The Bible ups the standard. Even if an ox strikes without warning, the ox shall be stoned to death and left uneaten. God declares in Gen 9 that any beast that kills a human destroys the image of God and must give a reckoning for it. The beast is to be destroyed, not enjoyed; it is defiled by bloodguilt, and is therefore an object of horror. Here is a very different view of the value of human life than what we find elsewhere in the Near East. Even an animal can be held accountable for such a crime. One commentator has said, If a dumb ox can be held responsible like this, so can a dumb human.

If the owner was warned and did nothing, the owner becomes guilty of murder and must either die or must pay an unlimited ransom (the only homicide case where God’s law ever allows ransom). Even ransom here is based on the idea that the owner is condemned to die, while other nations treat the issue economically. As for paying 30 shekels for the goring of a slave, don’t get the mistaken impression that a slave is worth less than other humans. 30 shekels is more than a family gets for the death of a free person. The family of a free person gets nothing in such a case. The slave is both a human life and a financial asset to be compensated. Notice that a slave was worth as much in Israel as most other cultures paid for the homicide of a free person.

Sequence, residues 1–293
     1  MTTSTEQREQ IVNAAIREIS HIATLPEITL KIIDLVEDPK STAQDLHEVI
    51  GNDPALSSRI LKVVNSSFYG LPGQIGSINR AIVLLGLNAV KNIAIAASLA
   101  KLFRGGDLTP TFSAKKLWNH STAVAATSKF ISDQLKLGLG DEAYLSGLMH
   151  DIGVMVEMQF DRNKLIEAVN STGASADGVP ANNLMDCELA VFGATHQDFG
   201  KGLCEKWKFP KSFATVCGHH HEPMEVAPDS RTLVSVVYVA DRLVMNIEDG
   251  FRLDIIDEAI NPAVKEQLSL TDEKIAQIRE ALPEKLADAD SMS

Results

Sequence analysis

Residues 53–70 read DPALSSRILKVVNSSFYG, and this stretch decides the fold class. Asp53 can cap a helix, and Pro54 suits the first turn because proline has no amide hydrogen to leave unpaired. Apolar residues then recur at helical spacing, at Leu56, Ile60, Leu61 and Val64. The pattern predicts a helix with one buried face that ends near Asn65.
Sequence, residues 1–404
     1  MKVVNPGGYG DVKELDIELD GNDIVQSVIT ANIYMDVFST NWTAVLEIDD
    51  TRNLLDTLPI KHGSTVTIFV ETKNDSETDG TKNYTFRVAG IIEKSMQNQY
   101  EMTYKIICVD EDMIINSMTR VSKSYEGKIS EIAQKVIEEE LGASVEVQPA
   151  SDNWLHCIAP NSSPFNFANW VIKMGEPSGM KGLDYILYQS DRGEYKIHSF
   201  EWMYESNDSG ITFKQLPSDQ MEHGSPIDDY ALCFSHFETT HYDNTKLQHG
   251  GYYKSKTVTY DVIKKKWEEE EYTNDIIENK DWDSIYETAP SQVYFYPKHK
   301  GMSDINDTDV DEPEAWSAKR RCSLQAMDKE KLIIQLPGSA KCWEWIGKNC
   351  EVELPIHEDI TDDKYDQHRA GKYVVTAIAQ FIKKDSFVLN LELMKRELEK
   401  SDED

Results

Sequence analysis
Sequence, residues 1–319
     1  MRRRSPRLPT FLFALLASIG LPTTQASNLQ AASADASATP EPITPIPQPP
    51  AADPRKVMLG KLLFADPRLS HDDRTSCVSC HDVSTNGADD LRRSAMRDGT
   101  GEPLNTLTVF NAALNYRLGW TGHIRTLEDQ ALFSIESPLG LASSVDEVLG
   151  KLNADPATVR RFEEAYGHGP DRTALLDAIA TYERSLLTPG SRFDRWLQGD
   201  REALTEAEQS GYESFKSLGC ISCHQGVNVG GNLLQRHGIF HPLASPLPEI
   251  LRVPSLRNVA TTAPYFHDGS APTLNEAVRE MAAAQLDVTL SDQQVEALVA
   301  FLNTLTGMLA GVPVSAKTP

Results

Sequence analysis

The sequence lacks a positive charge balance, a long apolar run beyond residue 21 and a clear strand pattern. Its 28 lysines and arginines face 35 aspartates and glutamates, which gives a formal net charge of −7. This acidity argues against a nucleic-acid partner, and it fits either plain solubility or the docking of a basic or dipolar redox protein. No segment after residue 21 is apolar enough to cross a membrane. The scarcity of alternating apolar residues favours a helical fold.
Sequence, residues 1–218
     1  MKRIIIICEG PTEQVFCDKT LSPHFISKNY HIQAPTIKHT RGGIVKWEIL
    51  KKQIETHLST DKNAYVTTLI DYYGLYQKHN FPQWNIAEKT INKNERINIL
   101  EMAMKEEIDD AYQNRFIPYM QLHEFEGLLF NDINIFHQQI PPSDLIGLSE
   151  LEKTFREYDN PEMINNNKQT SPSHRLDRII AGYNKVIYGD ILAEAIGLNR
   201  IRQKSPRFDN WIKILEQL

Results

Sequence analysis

If a bull gores another bull, the whole situation changes. Here, the issue becomes purely financial. The ox is not punished. If there was no advance warning, the 2 owners divide the accidental loss. If the owner of the live ox failed to take reasonable precautions, he loses his live ox, and gets a dead ox in exchange, which he can’t eat (since it hasn’t been kosher butchered), but at least he call sell it to a foreigner, or use it for leather and for dog food.